“I’m done!” I don’t know about you, but that is one phrase that I really, really don’t need to hear in my classroom. We all have those students who finish their work early, and then of course need something to occupy their time. Today I’m going to share some ideas that are simple to implement, will add value to your students learning, and your students will enjoy!
Watch my Facebook live video about this topic here.
#1 Rotating SPECIAL Book Bins
As teacher, we always want our students to read, read, read, so this is a common, go to early finisher activity, but I like to add a few tweaks to make it a little more appealing for students.
I have enough bins for every group or table of students, so students don’t have to get up from their area to pick a book. I fill each book bin with SPECIAL books. These aren’t books that they’ll find in our classroom library. They are magazines, MY books that I use for teaching, seasonal books, and so on. I also rotate them to a different table every week, so I only have to change out the books every month or two (depending on how many groups I have). My students FLIP over these books because they know that they’re only available for a limited time, so they thoroughly enjoy reading them.
As an added bonus, if I have a class that can handle it, I’ll also allow them to grab a reading buddy and find a spot around the room to read after they are finished while others are working. They know that, if they’re playing and not reading, their reading buddy privileges can be revoked, so I’ve rarely had any issues. Something about picking a fuzzy friend, a comfy spot, and reading a SPECIAL book really makes reading when they’re finished early much more appealing.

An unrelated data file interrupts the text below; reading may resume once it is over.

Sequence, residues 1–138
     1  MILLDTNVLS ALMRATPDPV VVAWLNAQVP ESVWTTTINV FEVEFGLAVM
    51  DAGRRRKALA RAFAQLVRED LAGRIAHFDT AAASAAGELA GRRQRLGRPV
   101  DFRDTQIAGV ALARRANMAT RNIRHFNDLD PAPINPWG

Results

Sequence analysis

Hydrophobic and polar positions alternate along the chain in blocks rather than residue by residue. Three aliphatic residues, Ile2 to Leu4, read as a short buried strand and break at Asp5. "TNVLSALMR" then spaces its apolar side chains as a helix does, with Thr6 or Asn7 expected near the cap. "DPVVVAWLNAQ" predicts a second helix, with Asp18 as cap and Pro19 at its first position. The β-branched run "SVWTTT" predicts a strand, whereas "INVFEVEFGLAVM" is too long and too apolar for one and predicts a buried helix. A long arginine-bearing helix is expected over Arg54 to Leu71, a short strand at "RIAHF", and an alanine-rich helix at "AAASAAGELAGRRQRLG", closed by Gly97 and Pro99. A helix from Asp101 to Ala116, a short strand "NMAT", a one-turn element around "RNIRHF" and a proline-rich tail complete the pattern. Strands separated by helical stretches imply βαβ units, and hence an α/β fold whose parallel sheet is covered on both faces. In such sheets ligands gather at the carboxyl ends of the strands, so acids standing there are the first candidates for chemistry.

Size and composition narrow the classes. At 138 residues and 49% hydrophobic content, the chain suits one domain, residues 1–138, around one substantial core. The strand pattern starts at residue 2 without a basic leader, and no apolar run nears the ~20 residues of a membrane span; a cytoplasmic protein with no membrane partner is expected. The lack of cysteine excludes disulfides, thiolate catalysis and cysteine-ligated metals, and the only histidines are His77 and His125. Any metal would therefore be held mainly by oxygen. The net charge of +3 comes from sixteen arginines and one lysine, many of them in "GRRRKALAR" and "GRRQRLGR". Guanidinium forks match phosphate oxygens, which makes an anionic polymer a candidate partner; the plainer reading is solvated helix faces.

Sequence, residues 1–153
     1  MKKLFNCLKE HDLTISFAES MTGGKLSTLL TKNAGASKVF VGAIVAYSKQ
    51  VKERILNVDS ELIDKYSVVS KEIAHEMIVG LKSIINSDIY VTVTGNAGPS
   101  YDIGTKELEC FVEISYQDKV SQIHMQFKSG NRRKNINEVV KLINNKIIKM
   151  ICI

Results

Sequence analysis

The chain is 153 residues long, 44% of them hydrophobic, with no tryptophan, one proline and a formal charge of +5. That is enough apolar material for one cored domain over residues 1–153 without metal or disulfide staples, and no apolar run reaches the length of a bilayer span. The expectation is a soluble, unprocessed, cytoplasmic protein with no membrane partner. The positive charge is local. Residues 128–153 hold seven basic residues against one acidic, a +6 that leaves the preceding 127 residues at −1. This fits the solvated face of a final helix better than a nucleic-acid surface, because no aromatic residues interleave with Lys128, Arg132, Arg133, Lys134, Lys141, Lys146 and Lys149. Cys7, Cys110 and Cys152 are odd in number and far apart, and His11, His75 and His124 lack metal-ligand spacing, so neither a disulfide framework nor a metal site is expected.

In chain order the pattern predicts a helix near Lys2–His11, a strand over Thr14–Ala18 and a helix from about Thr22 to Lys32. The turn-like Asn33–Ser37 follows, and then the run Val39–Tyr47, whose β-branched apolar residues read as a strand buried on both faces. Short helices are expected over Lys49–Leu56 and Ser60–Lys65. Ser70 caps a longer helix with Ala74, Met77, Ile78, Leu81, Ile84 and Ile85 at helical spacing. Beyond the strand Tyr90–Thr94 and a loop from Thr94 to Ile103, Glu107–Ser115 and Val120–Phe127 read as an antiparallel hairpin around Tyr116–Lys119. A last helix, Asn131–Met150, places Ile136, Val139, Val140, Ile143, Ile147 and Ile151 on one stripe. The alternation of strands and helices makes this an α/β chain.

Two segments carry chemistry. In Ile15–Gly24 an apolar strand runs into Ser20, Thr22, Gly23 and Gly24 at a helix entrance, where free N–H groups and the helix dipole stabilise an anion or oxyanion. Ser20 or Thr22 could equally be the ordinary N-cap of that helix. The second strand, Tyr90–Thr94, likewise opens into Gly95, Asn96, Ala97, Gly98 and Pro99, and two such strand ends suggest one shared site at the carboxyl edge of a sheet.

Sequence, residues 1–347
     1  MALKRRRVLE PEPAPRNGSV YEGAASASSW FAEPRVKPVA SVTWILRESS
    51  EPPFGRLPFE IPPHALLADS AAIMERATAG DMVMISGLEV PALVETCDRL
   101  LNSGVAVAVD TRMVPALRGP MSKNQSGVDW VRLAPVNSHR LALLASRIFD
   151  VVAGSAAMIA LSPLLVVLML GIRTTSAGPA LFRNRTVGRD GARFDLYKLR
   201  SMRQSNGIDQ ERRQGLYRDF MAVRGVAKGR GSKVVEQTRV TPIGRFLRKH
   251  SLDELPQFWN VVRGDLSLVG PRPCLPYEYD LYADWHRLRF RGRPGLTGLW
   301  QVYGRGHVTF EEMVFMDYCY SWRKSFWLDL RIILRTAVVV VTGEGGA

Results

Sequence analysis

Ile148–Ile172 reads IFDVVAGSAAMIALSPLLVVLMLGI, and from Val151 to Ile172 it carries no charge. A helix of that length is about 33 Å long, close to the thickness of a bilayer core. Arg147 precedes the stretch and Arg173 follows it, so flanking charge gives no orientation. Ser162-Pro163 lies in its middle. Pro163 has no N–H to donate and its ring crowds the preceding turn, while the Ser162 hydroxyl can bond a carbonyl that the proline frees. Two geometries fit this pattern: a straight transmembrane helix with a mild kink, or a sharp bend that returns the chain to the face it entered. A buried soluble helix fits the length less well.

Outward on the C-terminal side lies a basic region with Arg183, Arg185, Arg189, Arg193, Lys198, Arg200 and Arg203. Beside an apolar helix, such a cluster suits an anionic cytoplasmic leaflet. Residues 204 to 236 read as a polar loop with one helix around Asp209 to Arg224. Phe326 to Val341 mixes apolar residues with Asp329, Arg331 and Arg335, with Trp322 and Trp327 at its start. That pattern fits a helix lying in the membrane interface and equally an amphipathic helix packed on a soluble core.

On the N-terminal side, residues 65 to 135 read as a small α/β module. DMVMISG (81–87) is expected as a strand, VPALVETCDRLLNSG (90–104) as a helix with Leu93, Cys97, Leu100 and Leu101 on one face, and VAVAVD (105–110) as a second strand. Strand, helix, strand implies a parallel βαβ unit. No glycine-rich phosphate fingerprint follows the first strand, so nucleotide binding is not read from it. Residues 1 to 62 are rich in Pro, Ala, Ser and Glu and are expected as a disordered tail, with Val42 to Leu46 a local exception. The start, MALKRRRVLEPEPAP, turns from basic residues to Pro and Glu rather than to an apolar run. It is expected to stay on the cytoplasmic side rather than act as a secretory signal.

#2 Must Do May Do Folder
This one is a life saver, and I can credit this idea to my cooperating teacher when I was student teaching. My must do, may do folders both keep my kiddos organized AND save my sanity when dealing with early finishers.
The idea is very simple. Each student has a Must Do, May Do folder. On one side, I label “Must Do” and the other side “May Do”. On the Must Do side, students keep work that they must complete before doing anything else, as well as on going projects and morning work so they always know where to find it. On the May Do side, they keep activities that they can choose to complete when they finish early (as long as their may do side work is completed and up to date).